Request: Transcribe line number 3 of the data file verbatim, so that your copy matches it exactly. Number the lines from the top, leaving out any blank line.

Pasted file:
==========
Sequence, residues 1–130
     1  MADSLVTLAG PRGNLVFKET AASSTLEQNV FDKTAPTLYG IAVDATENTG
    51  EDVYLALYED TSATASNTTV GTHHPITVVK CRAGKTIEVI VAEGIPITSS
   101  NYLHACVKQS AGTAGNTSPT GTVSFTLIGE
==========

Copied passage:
    51  EDVYLALYED TSATASNTTV GTHHPITVVK CRAGKTIEVI VAEGIPITSS